Cape May-Lewes Ferry officials have announced the installation of new passenger boarding bridges at the Cape May and Lewes terminal locations has begun. The project includes replacement of four boarding bridges that connect the Lewes and Cape May terminals to the ferry vessels to allow for the loading and unloading of walk-on passengers. The new passenger boarding bridges are composed of white stainless steel trusses with glass side panels and a blue standing seam roof, matching the existing terminal roof.
“We are very excited about the installation of new passenger boarding bridges at both the Lewes and Cape May terminals,” said Heath Gehrke, director of ferry operations. “The improved design will enhance the customer’s boarding processes, providing an experience not unlike boarding a modern cruise ship.”
Construction preparation work is underway in Lewes and is expected to begin in Cape May later this month, followed by a phased demolition of the existing tubes at both terminal locations. Construction activity will take place simultaneously at both terminal locations, and the project is scheduled to be completed by the end of November. The final older passenger boarding bridge is expected to be removed at the end of October.
For approximately one month, late October through the end of November, foot passengers will only be able to access the vessels via the vehicle bridges. “We are making every effort to minimize inconvenience to our customers from this construction activity,” said Gehrke. “It’s our plan is to make these improvements as quickly as possible.”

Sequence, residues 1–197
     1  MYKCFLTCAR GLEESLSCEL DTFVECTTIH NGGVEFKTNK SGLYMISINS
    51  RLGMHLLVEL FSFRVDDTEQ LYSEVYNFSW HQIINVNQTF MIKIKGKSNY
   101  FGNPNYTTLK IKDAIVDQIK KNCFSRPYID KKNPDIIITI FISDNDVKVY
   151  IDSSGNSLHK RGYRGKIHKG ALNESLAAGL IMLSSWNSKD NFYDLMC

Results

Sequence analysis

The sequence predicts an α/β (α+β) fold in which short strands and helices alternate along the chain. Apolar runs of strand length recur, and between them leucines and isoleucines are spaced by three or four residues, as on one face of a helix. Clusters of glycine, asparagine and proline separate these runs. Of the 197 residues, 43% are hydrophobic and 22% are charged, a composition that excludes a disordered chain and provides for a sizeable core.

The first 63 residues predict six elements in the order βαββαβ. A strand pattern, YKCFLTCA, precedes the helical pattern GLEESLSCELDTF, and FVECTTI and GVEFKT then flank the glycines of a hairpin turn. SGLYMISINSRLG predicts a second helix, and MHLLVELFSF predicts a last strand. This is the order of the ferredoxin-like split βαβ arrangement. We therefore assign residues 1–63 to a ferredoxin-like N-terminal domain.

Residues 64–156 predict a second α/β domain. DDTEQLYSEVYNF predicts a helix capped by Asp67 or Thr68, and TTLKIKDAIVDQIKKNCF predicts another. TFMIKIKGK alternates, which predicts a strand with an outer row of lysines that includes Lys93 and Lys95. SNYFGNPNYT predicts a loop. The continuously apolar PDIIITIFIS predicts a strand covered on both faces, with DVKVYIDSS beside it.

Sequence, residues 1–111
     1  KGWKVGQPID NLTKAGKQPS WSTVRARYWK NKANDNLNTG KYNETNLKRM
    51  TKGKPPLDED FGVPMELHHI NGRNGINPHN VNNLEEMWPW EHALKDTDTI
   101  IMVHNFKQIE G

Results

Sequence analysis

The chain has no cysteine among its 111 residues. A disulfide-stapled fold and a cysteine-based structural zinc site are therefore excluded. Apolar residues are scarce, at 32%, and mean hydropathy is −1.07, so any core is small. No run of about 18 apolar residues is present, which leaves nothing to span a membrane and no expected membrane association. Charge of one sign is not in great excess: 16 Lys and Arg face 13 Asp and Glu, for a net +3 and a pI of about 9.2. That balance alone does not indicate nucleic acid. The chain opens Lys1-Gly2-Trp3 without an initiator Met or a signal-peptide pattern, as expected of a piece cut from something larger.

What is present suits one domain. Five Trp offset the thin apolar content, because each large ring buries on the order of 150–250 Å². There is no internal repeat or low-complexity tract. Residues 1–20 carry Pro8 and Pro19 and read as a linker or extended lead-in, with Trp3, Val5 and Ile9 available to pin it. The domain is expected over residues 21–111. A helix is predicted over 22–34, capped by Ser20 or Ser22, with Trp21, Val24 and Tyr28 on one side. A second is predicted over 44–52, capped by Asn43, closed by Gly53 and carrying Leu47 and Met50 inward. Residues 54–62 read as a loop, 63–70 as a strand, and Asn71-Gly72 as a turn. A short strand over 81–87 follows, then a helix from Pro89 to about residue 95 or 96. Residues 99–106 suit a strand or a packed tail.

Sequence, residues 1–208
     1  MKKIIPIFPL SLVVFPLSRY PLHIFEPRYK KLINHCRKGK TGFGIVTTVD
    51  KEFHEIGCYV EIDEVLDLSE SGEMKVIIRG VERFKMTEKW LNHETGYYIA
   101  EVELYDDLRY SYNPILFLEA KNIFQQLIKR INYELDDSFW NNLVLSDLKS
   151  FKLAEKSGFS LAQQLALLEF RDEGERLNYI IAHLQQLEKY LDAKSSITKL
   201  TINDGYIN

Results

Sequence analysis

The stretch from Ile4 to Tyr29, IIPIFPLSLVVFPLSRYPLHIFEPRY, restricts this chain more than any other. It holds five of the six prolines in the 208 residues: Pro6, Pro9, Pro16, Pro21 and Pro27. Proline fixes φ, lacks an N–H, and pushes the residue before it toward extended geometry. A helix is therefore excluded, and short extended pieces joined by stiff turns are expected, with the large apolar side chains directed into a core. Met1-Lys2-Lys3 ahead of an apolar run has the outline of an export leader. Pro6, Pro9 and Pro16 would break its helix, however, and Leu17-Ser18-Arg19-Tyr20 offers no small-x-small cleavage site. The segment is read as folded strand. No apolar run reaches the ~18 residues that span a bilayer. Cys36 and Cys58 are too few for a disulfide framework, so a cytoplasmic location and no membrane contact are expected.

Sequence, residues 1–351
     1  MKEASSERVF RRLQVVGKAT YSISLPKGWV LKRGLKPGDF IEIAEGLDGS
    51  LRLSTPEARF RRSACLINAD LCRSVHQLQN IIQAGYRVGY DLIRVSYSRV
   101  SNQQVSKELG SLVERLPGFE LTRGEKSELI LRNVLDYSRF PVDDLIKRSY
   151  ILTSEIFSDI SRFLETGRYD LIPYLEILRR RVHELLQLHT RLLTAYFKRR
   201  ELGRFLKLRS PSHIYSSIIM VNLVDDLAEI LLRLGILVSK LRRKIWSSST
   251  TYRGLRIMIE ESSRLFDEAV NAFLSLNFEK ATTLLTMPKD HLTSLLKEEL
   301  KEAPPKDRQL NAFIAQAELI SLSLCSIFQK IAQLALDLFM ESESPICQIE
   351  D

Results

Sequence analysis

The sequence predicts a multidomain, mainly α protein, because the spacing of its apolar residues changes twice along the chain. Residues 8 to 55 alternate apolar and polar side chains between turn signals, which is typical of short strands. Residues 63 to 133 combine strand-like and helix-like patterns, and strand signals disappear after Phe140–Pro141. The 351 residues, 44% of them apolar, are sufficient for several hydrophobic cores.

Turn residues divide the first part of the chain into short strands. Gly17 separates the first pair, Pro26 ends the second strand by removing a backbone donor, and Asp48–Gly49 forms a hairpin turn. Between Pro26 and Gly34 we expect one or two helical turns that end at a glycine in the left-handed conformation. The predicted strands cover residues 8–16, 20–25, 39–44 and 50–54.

During the construction period, mobility-impaired passengers will have limited access on some vessels. Rather than going to the terminal building for instructions on loading, passengers should go to the toll booth for directions during this time. Passengers are encouraged to call the ferry’s Guest Services Center at 800-643-3779 for more information.
The cost of the infrastructure improvement project is approximately $4.25 million, according to Delaware River and Bay Authority Executive Director Scott Green. When completed, the DRBA, which operates the ferry, will have invested more than $10 million in the Cape May, N.J. and Lewes areas during the past two years to complete three major construction projects at the Cape May-Lewes Ferry operation, including the Sandman Boulevard rehabilitation, interior vessel renovations and new passenger boarding bridges.
The prime contractor, JPC Group Inc. of Blackwood, New Jersey, will be responsible for all installation activities. The Barcelona-based engineering firm TEAM Company completed the project design plans and fabricated the boarding bridges.
The Cape May-Lewes Ferry is owned and operated by the Delaware River and Bay Authority, a bi-state governmental agency created by Compact in 1962. For schedule, rates and other program information, please visit www.CMLF.com, or call toll free, 800-643-3779. Like on Facebook or follow on Twitter @CMLFerry.